This is an age when you can introduce the concept of the natural consequence of losing a privilege because of negative behavior. You might say something like: “Your behavior tells me that we need to cancel today’s playdate. We can reschedule it for another day.” If the child is upset comfort them, but don’t give in to tears or tantrums. Remind them that there will many other opportunities for playdates but don’t reward their tears with a trip to the toy store or a special treat. Stick to your routine for that day. Children thrive on structure and routine. They may not be able to verbalize it, but they will be better able to remember that behavior has consequences. Again, wipe the slate clean and make a positive comment on their cooperative behavior late in the day, such as: “I like the way you shared with your little sister. You are so nice.”



In school-age children, there is a tremendous leap in development. Expectations are higher at school and life has become infinitely more complicated. Sticking to routines at home around completing homework, keeping their room neat including making their beds and accepting responsibility for some household chores such as setting the table, emptying the dishwasher or feeding a pet. This is an age when children love getting rewards and hate losing them. They are still concrete learners and can become quite literal. This is the time when they love to point out that something is not fair. The best response to this is that life is not fair to anyone. This is a concept we all must master to have a satisfying life. At this age, children have greatly expanded their areas of interest. This makes it possible to create a greatly expanded list of meaningful consequences and rewards.

Limiting screen time is a very effective consequence and is something you want to keep restrictions on anyway for children of this age. As always, remember to balance consequences with rewards. At this age, there are many options, from choosing what Netflix movie the family will watch on Saturday, deciding what the family will have for dinner, or getting that new soccer ball they have been wanting.

Time-out is still an effective tool at this age but needs to be handled a little differently.  You can say something like: “You need to take five and cool down. You may do it in your room or here at the table.” After that period of cooling down, you can have a meaningful discussion with a child this age. It is important to hear them out about what is bothering them and offer sympathetic and constructive solutions. Make it clear that everyone has complicated feelings and parents love to help kids figure them out.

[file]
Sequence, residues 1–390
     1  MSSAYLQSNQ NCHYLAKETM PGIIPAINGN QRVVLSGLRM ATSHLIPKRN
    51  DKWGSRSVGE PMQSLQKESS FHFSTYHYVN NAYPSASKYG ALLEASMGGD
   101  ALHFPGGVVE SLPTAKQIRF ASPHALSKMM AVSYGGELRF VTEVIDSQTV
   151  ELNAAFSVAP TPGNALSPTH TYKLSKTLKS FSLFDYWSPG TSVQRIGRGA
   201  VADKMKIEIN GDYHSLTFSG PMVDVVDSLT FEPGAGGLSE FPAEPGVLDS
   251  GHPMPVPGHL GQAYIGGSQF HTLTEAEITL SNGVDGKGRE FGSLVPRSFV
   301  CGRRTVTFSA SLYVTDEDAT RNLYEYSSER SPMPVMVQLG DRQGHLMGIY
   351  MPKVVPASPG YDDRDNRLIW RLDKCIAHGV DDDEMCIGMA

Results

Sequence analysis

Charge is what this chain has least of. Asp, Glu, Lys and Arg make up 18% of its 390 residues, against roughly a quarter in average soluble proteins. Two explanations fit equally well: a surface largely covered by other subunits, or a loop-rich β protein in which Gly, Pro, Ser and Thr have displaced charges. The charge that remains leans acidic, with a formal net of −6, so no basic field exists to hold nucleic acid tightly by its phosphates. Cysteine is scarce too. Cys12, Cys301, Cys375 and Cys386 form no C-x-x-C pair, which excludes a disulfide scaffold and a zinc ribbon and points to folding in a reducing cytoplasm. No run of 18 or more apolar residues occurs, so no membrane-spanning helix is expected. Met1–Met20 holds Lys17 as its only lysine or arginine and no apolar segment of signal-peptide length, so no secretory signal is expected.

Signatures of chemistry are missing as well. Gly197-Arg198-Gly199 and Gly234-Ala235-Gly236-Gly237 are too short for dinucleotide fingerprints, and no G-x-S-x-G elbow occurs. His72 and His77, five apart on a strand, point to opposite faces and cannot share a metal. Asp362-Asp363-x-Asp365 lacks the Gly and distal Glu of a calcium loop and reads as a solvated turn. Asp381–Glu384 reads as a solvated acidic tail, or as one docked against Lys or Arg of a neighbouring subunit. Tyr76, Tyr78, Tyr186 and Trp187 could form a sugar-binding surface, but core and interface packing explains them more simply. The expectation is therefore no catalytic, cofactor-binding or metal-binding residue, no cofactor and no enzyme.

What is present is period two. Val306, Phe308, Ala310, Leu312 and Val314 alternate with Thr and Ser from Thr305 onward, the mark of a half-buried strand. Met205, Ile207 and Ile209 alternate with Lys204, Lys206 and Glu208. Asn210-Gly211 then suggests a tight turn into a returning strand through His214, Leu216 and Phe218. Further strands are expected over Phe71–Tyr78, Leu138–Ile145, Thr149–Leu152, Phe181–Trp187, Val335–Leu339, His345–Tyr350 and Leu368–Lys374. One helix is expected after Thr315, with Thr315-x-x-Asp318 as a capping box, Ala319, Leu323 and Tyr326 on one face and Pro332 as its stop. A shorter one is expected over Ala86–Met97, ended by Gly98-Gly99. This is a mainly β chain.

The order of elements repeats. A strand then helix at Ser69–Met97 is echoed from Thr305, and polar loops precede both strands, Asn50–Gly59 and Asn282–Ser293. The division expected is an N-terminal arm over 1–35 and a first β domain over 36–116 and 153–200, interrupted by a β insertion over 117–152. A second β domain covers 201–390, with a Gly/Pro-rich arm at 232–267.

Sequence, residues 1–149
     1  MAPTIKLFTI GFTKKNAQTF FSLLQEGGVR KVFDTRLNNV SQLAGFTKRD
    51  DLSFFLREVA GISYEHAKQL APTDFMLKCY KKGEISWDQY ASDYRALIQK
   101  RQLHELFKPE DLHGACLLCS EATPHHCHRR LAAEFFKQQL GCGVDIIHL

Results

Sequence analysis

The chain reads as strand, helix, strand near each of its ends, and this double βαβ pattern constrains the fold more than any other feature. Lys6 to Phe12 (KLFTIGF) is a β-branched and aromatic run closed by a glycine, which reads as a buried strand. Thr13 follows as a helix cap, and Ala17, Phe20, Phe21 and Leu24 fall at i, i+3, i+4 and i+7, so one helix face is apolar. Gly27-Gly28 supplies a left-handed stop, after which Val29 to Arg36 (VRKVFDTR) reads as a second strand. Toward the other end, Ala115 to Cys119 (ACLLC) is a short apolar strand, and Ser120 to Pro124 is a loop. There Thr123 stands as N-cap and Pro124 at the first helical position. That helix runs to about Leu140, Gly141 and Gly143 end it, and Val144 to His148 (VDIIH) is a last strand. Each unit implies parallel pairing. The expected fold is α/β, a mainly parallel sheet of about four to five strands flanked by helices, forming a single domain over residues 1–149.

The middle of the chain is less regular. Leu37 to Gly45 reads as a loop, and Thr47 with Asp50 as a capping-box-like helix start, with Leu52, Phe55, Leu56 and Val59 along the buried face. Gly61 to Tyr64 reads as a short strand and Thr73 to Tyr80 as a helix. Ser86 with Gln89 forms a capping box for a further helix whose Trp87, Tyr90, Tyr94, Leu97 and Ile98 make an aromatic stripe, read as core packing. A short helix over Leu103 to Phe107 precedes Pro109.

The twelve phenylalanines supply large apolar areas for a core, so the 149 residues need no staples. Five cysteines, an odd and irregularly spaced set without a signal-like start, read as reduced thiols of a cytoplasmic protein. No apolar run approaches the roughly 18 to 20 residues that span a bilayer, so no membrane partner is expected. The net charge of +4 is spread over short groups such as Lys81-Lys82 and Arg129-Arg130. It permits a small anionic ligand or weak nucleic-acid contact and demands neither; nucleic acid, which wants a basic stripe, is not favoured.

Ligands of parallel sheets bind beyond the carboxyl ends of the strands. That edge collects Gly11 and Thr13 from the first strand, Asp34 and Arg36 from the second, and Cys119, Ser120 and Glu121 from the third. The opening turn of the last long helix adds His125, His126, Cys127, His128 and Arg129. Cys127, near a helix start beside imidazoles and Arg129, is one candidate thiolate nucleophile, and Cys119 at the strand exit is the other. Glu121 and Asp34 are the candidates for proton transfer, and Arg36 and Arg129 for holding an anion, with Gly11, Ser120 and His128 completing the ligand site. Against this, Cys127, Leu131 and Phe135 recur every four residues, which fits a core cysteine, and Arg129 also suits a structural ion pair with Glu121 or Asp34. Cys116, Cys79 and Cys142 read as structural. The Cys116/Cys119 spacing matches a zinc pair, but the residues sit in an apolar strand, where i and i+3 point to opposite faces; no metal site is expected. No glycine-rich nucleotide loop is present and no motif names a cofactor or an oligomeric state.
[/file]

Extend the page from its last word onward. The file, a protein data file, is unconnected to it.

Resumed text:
Generally speaking, the school-age years are a happy and active time for children but if your child is exhibiting explosive anger, tantrums, reluctance to go to school or participate in extracurricular activities with friends, you may want to seek the advice of a professional. There is a myriad of therapies available. This is also an age when more subtle learning disabilities become more evident. Before making any decisions consult with your child’s teacher, any available counselors at the school and your pediatrician. The smaller the child the easier the problem is to solve.



In summary: Raising children who exhibit good behavior is a process and a long one. If you are consistent and fair in your practices and If you accept your role as the person who establishes boundaries for your child, you are well on your way. 

Know your child and what is a reasonable expectation of children your child’s age.  Keep a balance or correction and praise and a balance of consequences and rewards. Chart a well thought out course of action with spouses and caregivers. Mean what you say and say what you mean. Don’t let your temper get the best of you and contribute to the problem. Remember that every tantrum demands an audience. When a child is having a tantrum simply remove him. If this means you exit a grocery store abandoning a cart full of groceries and must patch together a strange meal for dinner — so be it. No one will starve.

Lastly, keep in mind that in order to be effective, discipline must be instructional. That is really one of the best ways a parent can express their love and respect for their child and his future. In my more than 40+ years of counseling parents regarding their children, I have never encountered a parent who did not have their children’s best interests at heart. Parenting can be a challenging and sometimes an anxiety-provoking experience, but it is also the most rewarding experience you will have in life. 


If you are stressing over a behavior issue with your child, please contact us for a consultation at Christyrozenbergconsultants.com